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Table 1 Schematic overview of the 3-step Monte Carlo simulation model to estimate ever IDU prevalences Ɨ

From: Improved benchmark-multiplier method to estimate the prevalence of ever-injecting drug use in Belgium, 2000–10

STEP 1: Imputation by Chained Equations: missing risk factor information
  Missing risk factor information was imputed using Imputation by Chained Equations. The imputation model contains the variables: injecting drug use, sex, nationality, year at registration and age at registration. The imputation results in one complete dataset X k , containing original and imputed values.
STEP 2: Stochastic Mortality Modeling: lacking follow-up of the HIV + /AIDS cases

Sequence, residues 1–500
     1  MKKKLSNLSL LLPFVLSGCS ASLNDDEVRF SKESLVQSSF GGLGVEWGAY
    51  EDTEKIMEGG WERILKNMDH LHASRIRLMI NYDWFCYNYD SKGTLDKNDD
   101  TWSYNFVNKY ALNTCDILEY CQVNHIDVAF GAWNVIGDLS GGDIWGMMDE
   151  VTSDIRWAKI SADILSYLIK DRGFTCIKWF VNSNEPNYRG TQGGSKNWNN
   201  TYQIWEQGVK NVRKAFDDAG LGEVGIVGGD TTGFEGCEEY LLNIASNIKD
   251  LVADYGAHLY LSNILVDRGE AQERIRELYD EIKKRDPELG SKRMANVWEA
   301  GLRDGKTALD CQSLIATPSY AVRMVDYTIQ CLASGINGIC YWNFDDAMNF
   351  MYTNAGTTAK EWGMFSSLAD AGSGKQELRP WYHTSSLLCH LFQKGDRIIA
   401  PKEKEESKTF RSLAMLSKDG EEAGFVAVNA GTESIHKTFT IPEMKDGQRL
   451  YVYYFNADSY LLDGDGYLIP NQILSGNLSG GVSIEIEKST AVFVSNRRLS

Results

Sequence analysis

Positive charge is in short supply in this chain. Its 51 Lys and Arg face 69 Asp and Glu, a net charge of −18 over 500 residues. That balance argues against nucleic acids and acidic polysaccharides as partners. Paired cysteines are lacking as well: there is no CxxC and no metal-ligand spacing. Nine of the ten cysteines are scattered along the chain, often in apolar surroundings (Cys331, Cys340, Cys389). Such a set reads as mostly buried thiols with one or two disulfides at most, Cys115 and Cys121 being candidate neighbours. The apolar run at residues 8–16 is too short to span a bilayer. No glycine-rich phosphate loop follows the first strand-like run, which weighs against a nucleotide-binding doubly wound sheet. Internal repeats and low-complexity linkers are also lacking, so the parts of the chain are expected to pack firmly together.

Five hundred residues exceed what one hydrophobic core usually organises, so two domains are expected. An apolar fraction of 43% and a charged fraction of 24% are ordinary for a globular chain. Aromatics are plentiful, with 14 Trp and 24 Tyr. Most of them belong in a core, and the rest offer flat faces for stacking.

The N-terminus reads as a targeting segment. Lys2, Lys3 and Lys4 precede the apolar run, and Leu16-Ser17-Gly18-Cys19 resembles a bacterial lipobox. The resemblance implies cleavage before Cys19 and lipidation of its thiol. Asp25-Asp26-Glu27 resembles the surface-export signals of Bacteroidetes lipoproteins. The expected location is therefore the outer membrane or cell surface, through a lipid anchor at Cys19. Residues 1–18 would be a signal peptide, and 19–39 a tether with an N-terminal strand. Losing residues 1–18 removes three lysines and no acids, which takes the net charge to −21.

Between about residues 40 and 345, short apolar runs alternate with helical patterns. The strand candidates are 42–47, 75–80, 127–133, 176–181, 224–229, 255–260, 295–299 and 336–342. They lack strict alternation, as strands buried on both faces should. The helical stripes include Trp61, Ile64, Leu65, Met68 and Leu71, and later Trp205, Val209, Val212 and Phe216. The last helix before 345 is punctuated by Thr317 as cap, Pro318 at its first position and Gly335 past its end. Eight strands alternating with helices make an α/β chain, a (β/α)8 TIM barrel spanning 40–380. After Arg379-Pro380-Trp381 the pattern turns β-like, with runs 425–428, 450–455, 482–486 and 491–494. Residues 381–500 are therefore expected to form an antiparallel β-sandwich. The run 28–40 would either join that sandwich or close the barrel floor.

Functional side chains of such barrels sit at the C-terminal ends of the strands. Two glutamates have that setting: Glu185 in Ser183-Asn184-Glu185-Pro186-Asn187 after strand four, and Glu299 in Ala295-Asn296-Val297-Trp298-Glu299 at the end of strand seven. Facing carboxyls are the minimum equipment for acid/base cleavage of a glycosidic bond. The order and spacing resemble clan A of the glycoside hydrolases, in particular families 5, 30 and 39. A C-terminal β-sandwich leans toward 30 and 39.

For a complete dataset k, the number of registered HIV-cases for whom injecting drug use was the most probable route of transmission and who were alive at time t is calculated as N ^ x k t = i = 1 n t I i k X 3 i k = 1 t with I i k = 0 , T d i < t or T l i < t 1 , T a i t or T d i t or T l i t S i ~ bern 1 - p d r i , otherwise ,
where I i indicates the ‘vital’ status with I i  = 1 if person i is still alive and living in Belgium and I i  = 0 otherwise, where r i is the number of years since HIV registration or r i  = t − t hi and where p d is the annual non-AIDS mortality rate among seropositive IDUs with p d  ~ betapert*(0.58%, 1.08%, 1.58%).
STEP 3: Benchmark-multiplier method: population size estimation
  The number of ever-injecting drug users being alive at time t is given by N ^ y k t = p ^ HIV - 1 N ^ x k t n - 1 N ^ x k t 1 p ^ HIV p ^ HIV - 1 , with N ^ x k t obtained from step 2, p ^ HIV ~ beta 21 , 620 and n = 639.
  1. Ɨ The model was run K = 1000 times.
  2. * The betapert distribution is mainly used to model expert estimates and requires a minimum, most likely and maximum value.